Less-Than-Wholeness, Part 2 Topic: WorldNetDaily
In her second Schiavo commentary of the week, Diana Lynne continues her disingenous attack on Jon Eisenberg. Citing Eisenberg's claim that "For the religious Right, Terri Schiavo was a tool to be used," Lynne wrote: "In my column yesterday, I explained how the simple chronology of the Schiavo case proved the exact opposite – Terri Schiavo was a tool used by the liberal Left."
Well, no. As we noted last time, Lynne never denied nor disproved Eisenberg's claim; she has merely claimed that "right-to-die" forces were working on the Terri Schiavo before "right-to-life" forces got involved with it. Chronology does not disprove Eisenberg's claim; perhaps Lynne is playing that angle up to obscure that fact.
Additinally, Lynne has also not proved that the "liberal Left" was involved in the case. The ACLU is not "liberal Left," no matter how often Joseph Farah wants to believe it is; nor does Lynne offer any evidence that George Felos or any of the other "right-to-die" organizations that worked on Michael Schiavo's side are "liberal Left."
Lynne also tries to paint the entire push to add advance-directive statutes in every state as some vast left-wing conspiracy, but all she does is play guilt by association by throwing around the names of liberal bogeymen like George Soros and Bill Moyers. She never proves the allegedly inherent left-wingness of advance directives.
We also noticed that WND is still calling Lynne's book on the Schiavo case "comprehensive," which it isn't.
And again, Lynne fails to mention Randall Terry or Gary McCullough.
Smile-A-While Topic: WorldNetDaily
Your laugh of the day, courtesy of WorldNetDaily editor Joseph Farah's March 28 column:
Well, it just so happens that I did spend 30 years working in the old newspaper business when the standards of writing, reporting and accuracy were somewhat higher than they are today. In fact, I ran some of those great old papers – some of them substantially bigger than the Boston Herald, by the way.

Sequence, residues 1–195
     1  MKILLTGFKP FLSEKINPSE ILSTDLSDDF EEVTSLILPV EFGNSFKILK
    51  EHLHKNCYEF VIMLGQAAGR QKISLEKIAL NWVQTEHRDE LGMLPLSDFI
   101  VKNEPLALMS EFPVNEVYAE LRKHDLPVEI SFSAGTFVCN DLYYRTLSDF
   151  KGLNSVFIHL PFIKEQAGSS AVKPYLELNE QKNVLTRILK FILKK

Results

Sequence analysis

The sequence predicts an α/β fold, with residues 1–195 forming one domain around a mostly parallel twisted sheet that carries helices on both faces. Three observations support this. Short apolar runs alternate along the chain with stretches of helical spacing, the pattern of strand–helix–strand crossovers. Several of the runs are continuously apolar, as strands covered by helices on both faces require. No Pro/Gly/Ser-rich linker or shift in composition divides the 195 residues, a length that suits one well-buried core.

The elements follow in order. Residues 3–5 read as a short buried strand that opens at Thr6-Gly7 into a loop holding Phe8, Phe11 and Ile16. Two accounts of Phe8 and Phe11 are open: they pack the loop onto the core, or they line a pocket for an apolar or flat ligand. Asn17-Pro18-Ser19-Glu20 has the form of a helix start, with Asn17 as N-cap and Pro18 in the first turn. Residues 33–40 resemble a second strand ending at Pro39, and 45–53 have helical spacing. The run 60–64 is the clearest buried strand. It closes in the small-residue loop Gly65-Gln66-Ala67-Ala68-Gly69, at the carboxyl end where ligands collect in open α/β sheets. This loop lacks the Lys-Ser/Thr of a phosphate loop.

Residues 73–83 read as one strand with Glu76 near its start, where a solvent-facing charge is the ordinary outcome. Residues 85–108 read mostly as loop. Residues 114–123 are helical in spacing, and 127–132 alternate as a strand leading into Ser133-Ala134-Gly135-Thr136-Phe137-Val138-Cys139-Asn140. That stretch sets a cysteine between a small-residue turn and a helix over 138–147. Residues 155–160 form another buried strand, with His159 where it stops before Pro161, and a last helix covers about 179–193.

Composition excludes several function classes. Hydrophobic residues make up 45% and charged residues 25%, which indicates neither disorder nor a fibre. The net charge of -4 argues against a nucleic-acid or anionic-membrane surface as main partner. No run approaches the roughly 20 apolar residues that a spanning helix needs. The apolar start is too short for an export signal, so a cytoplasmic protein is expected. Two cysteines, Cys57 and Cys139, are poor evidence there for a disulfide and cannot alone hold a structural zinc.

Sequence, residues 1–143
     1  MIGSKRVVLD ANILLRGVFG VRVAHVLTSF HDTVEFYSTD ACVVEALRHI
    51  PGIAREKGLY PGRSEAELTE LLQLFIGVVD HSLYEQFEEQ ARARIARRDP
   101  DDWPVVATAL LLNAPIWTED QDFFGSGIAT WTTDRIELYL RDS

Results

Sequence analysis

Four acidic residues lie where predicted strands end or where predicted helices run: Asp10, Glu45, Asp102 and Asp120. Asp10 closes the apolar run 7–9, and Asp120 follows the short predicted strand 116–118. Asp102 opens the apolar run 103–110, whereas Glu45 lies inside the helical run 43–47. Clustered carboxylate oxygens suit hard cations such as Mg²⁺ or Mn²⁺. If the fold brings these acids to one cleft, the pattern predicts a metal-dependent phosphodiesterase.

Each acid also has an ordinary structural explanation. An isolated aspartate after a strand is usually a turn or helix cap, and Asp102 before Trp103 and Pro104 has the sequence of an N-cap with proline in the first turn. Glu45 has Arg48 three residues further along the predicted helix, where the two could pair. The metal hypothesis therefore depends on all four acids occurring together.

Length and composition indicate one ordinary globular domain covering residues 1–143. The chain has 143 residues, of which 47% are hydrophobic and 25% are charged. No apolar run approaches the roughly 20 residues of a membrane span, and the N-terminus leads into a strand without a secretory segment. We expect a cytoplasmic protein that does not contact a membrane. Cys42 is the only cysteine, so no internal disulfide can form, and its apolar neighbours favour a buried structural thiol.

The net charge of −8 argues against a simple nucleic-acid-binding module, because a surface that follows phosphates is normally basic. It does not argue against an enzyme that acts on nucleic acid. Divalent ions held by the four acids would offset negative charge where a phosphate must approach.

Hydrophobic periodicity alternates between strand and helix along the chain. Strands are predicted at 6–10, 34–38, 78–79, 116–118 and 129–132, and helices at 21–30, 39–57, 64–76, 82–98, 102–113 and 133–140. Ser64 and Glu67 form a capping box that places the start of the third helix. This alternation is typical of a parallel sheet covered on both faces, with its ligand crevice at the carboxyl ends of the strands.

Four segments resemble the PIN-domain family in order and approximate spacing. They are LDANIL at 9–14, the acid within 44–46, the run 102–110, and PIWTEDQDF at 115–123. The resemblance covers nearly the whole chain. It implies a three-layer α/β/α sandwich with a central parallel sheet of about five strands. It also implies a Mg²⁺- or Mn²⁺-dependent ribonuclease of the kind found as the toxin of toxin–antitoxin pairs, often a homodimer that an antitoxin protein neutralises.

I've tried to bring those old-fashioned standards and practices to the New Media. In fact, I think I'm alone in having done that. (Maybe someone could straighten me out if I'm unfairly overlooking worthy competition.)
WND Promotes Netanyahu Topic: WorldNetDaily
In putting together our article on Aaron Klein's WorldNetDaily coverage of the Israeli election, we were aware that Klein hadn't come through on one aspect of his campaign of attacking Ehud Olmert: the fawning pro-Benjamin Netanyahu article. Today, he fills that void by sneaking one in under the wire of today's election.
A March 28 article by Klein uncritically repeats Netanyahu's claim that "Without a strong Likud, we will not have sovereignty in Jerusalem." Most of the rest of Klein's article is rehash of previous articles attacking Olmert's Kadima party for suggesting a division of Jerusalem -- though for the first time, Klein acknowledges that Netanyahu's Likud party is "expected to come in third place at today's ballots." But even then, Klein tried to put a positive spin on that bit of bad news, claiming that "low voter turn out and the largely unpolled younger voters could sway elections in Likud's favor." As we previously noted, WND is playing up the claim that polls showing Likud behind are inaccurate.